Social protection can play an important role in building peaceful society in Somalia while contributing to sustainable development and poverty eradication, according to participants of a seminar jointly conducted by the Federation of Somali Trade Unions (FESTU), the Swedish Trade Unions Confederation (LO) and the African Regional Organisation of International Trade Unions Confederation (ITUC-Africa) in partnership with Olof Palm International Centre. The seminar, which was held on 19-21 May 2017 was hosted by Rwandan National Trade Unions Centre, Centrale des syndicats des travailleurs du Rwanda (CESTRAR).
The trade union seminar for promoting and building social protection in Somalia, which was attended by 15 trade union leaders and activists from 12 unions affiliated with FESTU, was designed to inform workers’ representatives on issues related to social protection so they can play an active role in national and regional discussions related to building national social protection floors, and institution of a more comprehensive social security systems.
The International Labour Organisation (ILO) has provided significant technical expertise at the 3-day seminar that empowered and enabled workers’ representatives to define the role of trade unions in exploring, designing and implementing policies, strategies and schemes that will contribute to the government’s effort of providing social protection floors including universal health care, basic income security for children and families, basic income security for women and men of working age unable to earn sufficient income and old age pensions.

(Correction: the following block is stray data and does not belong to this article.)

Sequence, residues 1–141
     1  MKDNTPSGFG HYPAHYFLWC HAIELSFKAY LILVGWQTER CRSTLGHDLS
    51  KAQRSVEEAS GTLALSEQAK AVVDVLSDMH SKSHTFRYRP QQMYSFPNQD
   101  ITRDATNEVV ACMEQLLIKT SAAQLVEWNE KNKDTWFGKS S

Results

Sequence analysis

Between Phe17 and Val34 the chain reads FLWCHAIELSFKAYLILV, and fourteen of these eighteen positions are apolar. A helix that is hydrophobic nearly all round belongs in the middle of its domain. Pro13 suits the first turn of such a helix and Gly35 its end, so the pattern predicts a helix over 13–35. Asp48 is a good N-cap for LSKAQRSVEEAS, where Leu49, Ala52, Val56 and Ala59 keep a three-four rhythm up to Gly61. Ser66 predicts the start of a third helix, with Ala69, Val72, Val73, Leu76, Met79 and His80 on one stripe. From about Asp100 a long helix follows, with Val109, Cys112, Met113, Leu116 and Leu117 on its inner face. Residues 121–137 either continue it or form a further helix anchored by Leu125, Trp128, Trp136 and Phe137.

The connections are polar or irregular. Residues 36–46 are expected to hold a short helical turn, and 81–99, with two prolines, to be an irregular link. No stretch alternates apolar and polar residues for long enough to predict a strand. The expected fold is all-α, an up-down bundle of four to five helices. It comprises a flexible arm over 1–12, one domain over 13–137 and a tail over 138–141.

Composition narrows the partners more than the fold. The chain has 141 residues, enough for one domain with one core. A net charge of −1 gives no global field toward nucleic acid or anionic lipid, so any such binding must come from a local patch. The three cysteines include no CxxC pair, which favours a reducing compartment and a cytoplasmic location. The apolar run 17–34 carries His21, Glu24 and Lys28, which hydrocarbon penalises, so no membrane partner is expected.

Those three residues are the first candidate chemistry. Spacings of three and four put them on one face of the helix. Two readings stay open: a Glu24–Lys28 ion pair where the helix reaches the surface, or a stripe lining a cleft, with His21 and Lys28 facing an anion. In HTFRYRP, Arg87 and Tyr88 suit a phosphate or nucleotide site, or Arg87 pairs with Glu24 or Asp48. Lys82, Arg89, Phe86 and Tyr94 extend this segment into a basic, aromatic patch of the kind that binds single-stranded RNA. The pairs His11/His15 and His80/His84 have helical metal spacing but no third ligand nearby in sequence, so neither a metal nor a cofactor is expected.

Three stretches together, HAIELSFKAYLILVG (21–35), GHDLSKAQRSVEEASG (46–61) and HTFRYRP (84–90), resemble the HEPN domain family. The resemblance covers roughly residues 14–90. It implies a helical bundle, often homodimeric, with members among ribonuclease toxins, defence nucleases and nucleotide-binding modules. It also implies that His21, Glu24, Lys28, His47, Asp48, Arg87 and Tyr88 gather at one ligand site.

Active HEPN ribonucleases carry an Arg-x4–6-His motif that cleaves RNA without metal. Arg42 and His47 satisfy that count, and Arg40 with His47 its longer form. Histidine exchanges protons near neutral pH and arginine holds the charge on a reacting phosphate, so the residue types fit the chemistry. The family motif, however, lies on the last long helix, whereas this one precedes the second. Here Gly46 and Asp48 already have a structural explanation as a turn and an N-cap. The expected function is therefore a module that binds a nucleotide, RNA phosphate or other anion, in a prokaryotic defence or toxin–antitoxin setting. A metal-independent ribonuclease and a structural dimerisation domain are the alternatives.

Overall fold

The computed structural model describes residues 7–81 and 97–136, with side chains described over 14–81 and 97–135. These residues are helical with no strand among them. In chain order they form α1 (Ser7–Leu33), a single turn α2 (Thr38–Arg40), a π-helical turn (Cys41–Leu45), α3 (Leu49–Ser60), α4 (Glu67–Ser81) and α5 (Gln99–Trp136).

“As the country re-establishes, workers need comprehensive, inclusive, and responsive national social protection strategy with well-developed set of social protection programs to address pockets of extreme poverty or vulnerability of workers within the country. We are convinced that the economy cannot grow without social support,” said Omar Faruk Osman, FESTU General Secretary.
Workers’ representatives attending this seminar stressed on the right to social protection for all Somali citizens as a duty of the State and explicitly called upon the federal government to formulate policies and programmes that are key to basic social services and informed by the tenets of the ILO Recommendation 202.
“We understand the government has less capacity to collect taxes, implement complex programmes of social protection or correct market failures, due to its low levels of income and infrastructure. However, due to pervasive poverty there is an urgent need to provide some measure of social protection to address the plight of citizens” added Osman.